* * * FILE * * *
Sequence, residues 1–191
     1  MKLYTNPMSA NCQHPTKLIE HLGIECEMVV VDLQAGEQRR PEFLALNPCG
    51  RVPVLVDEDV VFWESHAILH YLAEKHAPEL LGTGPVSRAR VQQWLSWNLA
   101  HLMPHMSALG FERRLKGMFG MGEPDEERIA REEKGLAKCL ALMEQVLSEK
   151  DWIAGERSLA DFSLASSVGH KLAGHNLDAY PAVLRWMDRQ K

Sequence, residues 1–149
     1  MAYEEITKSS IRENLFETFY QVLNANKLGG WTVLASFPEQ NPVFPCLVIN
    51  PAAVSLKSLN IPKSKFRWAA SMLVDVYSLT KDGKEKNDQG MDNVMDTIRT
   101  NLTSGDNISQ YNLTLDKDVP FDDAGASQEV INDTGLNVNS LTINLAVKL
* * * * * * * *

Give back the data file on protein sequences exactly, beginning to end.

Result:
Sequence, residues 1–191
     1  MKLYTNPMSA NCQHPTKLIE HLGIECEMVV VDLQAGEQRR PEFLALNPCG
    51  RVPVLVDEDV VFWESHAILH YLAEKHAPEL LGTGPVSRAR VQQWLSWNLA
   101  HLMPHMSALG FERRLKGMFG MGEPDEERIA REEKGLAKCL ALMEQVLSEK
   151  DWIAGERSLA DFSLASSVGH KLAGHNLDAY PAVLRWMDRQ K

Sequence, residues 1–149
     1  MAYEEITKSS IRENLFETFY QVLNANKLGG WTVLASFPEQ NPVFPCLVIN
    51  PAAVSLKSLN IPKSKFRWAA SMLVDVYSLT KDGKEKNDQG MDNVMDTIRT
   101  NLTSGDNISQ YNLTLDKDVP FDDAGASQEV INDTGLNVNS LTINLAVKL